Tuesday, October 13, 2009

I Have my Own Cell Key

Don't start phoning the police just yet, it's all kosher. Although I recall an MP who spouted the usual phrases when told of this situation by a newspaper - "It's madness. The lunatics have taken over the asylum. What next?" The usual Dial-a-Quote stuff.

As with most of these ephemeral media outrages, the reality is different. Many prisons now fit a secondary lock to our cell doors, often a simple Yale thing. The main lock remains firmly in the hands of staff.

These secondary locks are called 'privacy locks' and they serve two purposes. Firstly, they give us control over our cell door during periods of movement such as recreation ('association') or working hours. You won't be shocked to know that there are lots of thieves about, and the privacy-lock means we can wander off without returning to an empty cell. The second purpose of these locks is that it frees staff from running around forever locking and unlocking. Soduku and crosswords take time, you know?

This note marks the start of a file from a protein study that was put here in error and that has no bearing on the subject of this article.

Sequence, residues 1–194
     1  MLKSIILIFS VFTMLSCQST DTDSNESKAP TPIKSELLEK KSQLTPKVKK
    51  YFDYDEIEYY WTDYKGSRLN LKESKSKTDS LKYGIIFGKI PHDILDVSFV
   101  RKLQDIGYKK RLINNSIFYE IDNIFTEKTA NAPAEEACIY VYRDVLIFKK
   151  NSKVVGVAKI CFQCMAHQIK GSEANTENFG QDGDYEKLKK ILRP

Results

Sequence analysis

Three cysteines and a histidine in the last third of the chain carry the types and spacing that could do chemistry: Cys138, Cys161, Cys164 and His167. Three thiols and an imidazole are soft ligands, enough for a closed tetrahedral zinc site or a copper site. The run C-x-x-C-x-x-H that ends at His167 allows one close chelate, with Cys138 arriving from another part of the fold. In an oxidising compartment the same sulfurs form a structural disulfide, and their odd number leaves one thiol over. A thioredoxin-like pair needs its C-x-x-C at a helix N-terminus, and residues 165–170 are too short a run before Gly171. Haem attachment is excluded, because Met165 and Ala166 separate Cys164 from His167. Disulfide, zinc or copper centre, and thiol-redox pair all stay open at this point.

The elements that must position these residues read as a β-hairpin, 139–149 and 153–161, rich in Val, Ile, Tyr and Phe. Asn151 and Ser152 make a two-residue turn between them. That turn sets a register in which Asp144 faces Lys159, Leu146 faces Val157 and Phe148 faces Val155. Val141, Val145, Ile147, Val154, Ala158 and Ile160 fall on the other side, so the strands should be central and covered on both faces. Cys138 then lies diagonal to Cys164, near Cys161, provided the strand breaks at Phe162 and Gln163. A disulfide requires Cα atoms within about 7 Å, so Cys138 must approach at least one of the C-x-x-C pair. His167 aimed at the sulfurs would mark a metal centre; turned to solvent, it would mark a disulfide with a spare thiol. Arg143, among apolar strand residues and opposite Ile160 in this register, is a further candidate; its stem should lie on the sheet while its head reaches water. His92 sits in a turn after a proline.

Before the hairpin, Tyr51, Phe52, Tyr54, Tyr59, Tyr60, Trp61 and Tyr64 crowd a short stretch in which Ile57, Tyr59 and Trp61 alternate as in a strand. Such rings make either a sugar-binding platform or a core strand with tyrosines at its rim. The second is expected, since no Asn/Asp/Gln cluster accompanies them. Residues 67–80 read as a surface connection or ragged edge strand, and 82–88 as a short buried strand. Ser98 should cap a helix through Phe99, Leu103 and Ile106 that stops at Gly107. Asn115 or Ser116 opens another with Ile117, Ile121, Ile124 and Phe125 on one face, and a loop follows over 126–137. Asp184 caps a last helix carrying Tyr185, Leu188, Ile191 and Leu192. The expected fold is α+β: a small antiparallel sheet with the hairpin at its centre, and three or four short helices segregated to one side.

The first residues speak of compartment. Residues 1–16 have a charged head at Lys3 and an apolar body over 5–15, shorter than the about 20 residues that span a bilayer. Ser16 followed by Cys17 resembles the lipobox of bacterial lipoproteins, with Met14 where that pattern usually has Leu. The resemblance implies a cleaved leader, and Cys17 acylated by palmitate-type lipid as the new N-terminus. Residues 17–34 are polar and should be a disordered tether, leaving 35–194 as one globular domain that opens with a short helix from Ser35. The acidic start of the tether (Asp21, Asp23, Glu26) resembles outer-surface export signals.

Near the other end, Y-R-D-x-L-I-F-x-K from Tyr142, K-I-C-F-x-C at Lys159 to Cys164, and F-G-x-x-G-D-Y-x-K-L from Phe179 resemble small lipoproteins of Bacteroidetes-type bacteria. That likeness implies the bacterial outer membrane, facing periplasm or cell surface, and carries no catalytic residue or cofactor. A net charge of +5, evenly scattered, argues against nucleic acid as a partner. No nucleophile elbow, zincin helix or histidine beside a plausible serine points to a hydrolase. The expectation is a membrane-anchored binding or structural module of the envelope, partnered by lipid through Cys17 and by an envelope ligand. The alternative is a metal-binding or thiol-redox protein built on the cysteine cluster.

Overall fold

Privacy-locks allow staff here to unlock us at breakfast, lock us up gain at lunch, and not spend the time in between climbing the landings. A small thing, a cheap lock, but it has a significant effect on the social life of prisoners. And all without being a sign that the world has gone mad, or the lunatics are taking over. Probably.

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